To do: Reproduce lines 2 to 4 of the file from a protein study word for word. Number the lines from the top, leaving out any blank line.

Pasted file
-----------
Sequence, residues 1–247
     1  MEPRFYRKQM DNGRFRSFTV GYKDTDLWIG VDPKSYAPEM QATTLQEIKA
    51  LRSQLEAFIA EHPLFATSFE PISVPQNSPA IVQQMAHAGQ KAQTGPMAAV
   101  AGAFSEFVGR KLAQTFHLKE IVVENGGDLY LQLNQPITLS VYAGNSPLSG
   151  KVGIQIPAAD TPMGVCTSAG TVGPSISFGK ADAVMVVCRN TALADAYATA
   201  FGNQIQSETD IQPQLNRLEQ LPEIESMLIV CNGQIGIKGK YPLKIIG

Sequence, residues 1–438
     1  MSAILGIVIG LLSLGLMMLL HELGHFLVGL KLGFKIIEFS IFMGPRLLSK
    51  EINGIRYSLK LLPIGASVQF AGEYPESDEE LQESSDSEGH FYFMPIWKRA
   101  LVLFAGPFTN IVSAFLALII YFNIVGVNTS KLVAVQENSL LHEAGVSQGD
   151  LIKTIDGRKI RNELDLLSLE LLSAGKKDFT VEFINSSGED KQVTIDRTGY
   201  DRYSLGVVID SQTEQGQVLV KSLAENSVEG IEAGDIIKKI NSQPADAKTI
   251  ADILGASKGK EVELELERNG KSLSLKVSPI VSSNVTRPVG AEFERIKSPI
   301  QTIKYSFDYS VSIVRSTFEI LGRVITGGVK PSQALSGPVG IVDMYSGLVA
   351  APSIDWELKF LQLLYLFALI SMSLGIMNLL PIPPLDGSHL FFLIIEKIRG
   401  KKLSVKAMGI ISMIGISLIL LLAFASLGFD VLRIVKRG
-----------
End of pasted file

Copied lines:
     1  MEPRFYRKQM DNGRFRSFTV GYKDTDLWIG VDPKSYAPEM QATTLQEIKA
    51  LRSQLEAFIA EHPLFATSFE PISVPQNSPA IVQQMAHAGQ KAQTGPMAAV
   101  AGAFSEFVGR KLAQTFHLKE IVVENGGDLY LQLNQPITLS VYAGNSPLSG